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HD for Power Mac 8100
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May 10, 2001, 02:31 PM
 
I'm looking for a replacement Hard Drive for a Power Mac 8100. Any recommendations for whare I can find a good but inexpensive one? Also, I think it takes a 50-pin SCSI, but what's the difference between SCSI-1, SCSI-2 & SCSI-3?
     
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May 10, 2001, 08:02 PM
 
Tristrami,

look for a drive with the following specifications:
SCSI up to ultra (not ultra wide) which is basically the same as SCSI-2.
Rotational speeds should be 5400 rpm, maybe 7200. Form factor, of course, 3.5 inch, height 1" or less. SCSI-2 is what you would get as the entry point for an affordable hard drive today. That means a 50-pin interface, too.

The 8100 has a 50-pin SCSI connector internally. If you want to have more than one drive internally some day (there is rooms for one more drive inside the 8100), you should choose a *true* 50-pin drive to start with. Due to termination problems, avoid drives that are *adapted* down to 50-pin from 68-pin (ultra wide) or 80-pin (SCA) interfaces even if they are cheaper.

SCSI-3 is 68-pin which cannot be used in an 8100 internally without an additional SCSI card (ultra2/LVD/160).

Find some good information on SCSI in Macs here: http://lowendmac.com/macdan/2k1120cl.html

More general info on SCSI: http://www.scsifaq.org/

If the drive you choose is larger than 2 GB, make a startup partition with 2 GB or less. Depending on the version of your Mac OS you use, 2 GB will be the maximum for the partition where the system folder resides (that applies to 7.6, maybe for 8.1 too).

I have very good experience with IBM drives, such as the DCAS 34330 (4.5 GB) which is very quiet and reliable. It is a 50-pin, ultra drive.

I have bought most of my hard drives from Smalldog (www.smalldog.com) as well as from Other World Computing (eshop.macsales.com). OWC has more offerings for internal and older-style drives, however, which is the sort of drive you are looking for, at very good prices.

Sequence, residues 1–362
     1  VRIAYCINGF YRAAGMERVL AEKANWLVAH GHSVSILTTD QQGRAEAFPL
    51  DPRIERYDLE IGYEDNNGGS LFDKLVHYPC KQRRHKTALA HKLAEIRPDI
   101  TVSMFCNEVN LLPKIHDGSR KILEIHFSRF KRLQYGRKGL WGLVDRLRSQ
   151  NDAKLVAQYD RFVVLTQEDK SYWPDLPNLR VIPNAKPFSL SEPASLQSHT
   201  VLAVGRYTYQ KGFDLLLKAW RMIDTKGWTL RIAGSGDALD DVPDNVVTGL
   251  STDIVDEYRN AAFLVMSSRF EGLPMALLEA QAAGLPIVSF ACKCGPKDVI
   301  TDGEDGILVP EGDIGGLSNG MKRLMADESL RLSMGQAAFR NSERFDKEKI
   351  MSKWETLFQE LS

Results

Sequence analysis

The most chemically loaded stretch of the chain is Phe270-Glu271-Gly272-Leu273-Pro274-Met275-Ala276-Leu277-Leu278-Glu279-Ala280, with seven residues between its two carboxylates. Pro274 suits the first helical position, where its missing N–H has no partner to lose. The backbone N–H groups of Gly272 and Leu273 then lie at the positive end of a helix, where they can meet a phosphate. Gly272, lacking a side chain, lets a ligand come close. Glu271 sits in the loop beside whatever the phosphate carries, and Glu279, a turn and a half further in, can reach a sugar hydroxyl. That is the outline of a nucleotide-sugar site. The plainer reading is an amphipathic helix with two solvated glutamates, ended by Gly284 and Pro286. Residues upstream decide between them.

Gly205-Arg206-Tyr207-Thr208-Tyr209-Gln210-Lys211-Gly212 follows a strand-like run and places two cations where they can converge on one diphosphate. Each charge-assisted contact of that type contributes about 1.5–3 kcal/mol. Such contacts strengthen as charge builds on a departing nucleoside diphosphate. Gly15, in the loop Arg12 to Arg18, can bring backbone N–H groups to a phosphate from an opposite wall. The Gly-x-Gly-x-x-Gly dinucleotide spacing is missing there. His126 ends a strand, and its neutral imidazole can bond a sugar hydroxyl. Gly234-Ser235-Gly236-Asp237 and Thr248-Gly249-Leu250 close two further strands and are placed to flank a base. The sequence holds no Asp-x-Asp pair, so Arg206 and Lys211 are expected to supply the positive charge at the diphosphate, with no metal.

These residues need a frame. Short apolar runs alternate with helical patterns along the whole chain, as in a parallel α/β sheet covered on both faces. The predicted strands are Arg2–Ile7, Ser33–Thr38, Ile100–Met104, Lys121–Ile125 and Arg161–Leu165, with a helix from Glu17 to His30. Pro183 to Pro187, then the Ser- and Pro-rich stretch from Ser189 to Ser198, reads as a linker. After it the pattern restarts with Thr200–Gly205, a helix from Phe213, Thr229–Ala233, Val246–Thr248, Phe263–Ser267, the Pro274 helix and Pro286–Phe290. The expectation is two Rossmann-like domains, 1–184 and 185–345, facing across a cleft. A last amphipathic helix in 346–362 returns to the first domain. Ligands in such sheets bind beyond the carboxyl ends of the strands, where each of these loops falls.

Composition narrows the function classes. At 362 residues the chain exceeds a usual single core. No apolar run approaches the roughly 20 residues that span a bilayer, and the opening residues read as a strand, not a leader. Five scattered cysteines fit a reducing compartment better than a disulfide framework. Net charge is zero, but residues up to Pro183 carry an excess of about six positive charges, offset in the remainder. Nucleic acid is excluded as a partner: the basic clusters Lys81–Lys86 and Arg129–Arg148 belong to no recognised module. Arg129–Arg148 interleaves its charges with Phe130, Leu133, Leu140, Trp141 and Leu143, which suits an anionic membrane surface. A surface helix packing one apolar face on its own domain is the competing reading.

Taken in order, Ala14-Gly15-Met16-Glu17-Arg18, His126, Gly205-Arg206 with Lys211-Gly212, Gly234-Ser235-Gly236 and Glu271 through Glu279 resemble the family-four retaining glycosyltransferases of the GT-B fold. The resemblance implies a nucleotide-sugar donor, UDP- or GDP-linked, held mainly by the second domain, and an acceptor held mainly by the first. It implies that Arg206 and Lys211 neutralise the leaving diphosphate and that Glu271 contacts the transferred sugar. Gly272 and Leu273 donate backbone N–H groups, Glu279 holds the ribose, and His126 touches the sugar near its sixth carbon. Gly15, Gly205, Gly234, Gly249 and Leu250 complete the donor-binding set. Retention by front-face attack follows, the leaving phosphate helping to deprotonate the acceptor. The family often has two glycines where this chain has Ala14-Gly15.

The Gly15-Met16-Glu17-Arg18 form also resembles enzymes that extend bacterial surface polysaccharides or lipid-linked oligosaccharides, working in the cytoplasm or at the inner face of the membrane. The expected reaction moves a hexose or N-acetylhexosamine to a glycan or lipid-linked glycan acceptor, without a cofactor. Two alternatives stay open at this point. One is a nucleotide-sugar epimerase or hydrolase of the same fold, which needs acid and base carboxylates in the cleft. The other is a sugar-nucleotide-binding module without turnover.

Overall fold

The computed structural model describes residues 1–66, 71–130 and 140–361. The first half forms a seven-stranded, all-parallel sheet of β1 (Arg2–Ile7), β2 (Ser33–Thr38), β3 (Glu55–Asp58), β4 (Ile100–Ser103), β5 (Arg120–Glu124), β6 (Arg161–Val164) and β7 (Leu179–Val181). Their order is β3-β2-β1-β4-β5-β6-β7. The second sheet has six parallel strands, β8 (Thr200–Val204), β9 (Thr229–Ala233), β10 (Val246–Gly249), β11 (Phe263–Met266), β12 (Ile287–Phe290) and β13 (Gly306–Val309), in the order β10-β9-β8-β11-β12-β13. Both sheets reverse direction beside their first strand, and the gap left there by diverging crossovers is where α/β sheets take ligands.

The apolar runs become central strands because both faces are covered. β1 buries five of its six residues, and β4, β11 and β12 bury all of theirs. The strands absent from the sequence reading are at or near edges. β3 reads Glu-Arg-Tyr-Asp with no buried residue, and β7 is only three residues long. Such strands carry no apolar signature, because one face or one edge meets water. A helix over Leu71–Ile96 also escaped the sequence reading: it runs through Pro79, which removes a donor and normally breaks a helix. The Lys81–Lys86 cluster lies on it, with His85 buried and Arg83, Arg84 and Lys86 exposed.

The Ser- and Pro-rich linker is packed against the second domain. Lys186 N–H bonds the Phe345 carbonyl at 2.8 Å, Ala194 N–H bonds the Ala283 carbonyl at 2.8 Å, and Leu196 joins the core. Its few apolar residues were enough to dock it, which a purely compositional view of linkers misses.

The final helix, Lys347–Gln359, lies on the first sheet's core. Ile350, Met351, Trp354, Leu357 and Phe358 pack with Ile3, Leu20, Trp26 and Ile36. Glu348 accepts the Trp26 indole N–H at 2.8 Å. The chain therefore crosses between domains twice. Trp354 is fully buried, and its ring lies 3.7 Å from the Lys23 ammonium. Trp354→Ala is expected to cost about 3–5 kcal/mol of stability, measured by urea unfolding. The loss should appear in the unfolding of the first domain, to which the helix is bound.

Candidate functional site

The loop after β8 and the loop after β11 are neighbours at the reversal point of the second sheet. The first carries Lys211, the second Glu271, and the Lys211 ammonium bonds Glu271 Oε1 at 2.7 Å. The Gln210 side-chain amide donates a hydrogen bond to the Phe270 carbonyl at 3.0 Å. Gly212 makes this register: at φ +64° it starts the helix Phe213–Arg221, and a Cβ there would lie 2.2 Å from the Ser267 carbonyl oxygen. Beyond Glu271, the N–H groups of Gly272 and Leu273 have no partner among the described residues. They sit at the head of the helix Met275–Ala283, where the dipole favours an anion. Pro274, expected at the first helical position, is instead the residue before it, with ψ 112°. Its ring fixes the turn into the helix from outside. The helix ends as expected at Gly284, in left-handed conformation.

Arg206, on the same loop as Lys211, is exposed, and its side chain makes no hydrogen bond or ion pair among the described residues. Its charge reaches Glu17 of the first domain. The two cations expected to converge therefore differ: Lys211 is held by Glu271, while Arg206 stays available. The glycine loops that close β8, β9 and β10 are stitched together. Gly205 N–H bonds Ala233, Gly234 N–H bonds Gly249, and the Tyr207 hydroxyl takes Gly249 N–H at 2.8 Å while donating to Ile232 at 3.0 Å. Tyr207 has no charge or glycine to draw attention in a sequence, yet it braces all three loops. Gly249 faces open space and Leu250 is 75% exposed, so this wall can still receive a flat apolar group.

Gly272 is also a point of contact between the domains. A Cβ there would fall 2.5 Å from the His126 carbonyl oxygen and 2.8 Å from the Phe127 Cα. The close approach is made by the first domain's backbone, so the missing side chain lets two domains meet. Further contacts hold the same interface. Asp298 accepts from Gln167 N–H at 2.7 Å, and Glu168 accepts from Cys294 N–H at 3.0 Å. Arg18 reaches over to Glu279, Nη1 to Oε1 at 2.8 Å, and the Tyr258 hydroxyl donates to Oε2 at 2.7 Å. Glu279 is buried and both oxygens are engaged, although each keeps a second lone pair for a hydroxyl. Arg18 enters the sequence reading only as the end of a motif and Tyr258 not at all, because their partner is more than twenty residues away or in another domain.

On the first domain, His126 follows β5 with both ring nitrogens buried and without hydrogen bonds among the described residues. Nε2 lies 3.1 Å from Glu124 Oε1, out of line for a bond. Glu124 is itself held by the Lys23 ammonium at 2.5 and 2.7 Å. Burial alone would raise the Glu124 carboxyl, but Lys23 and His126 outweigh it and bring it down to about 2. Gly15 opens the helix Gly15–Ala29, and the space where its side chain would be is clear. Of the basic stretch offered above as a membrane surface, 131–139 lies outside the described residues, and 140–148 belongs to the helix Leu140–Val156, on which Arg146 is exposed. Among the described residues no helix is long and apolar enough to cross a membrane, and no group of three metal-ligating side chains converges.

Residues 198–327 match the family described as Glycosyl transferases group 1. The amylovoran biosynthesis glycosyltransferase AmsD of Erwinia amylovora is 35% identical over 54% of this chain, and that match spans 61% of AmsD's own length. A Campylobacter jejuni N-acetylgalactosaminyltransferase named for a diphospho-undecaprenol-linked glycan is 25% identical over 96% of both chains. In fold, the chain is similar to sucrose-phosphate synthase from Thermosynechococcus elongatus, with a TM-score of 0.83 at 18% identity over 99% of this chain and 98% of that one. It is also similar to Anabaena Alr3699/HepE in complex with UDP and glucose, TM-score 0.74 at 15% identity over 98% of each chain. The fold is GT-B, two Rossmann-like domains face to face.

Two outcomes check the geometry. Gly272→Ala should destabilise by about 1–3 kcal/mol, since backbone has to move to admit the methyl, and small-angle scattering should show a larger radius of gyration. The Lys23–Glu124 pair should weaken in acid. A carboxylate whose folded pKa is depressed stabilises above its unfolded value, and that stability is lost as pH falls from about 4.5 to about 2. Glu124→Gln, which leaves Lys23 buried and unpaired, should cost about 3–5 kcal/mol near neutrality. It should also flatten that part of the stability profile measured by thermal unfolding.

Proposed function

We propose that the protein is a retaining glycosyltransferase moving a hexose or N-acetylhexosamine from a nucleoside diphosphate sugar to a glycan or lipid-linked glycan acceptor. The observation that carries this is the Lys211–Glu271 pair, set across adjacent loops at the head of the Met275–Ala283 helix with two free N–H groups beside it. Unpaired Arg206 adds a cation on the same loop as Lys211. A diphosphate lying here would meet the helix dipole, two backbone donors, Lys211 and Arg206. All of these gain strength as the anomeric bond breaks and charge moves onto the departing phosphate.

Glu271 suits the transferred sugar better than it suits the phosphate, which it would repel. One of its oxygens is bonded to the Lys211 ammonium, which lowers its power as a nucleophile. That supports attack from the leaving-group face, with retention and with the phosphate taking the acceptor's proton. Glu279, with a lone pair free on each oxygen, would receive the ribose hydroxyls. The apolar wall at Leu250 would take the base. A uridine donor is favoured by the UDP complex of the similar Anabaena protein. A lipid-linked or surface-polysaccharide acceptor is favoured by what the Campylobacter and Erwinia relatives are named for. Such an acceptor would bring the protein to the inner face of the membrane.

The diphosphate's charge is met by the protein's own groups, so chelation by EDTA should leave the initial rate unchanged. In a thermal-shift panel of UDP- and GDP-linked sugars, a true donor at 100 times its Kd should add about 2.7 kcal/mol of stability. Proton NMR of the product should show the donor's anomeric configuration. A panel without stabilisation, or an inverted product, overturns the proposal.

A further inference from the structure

Best regards,

Walter.
     
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May 10, 2001, 11:24 PM
 
OtherWorld Computing always has good supply of SCSI drives... check them out...
good luck
dave http://www.macsales.com
     
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May 10, 2001, 11:25 PM
 
Originally posted by ddiokno:
OtherWorld Computing always has good supply of SCSI drives... check them out...
good luck
dave http://www.macsales.com
Whoops, sorry Walter, read over your post too quickly and missed the reference to Other World at the bottom....
dave
     
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May 11, 2001, 12:26 AM
 
Walter, Dave - Thanks for the great advie and thoughtful explanations. I'm not sure if this is the right forum, but can you tell me a little more about HD partitioning and some of the whys and hows behind it. What are the ideal partition sizes for OS 9 & 0S 8.5? I have a 30gb unpartitioned drive in my 5400 that seems to work beautifully. What benefit(s), if any would I receive if I were to create a startup partition/partition it?


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May 11, 2001, 06:47 AM
 
Tristrami,

most of the generally agreed partitioning considerations with Macs apply to the HFS formatting scheme (as opposed to HFS plus, a.k.a. HFS+). HFS has been and still is the legacy formatting scheme, readable and writable on most Mac systems in use today, old and new (HFS is *not* usable for Mac OS X, however). I think HFS is useful for systems 6.x up to OS 9. I am sure for the 7.0 to 8.5 range which I am running on my machines.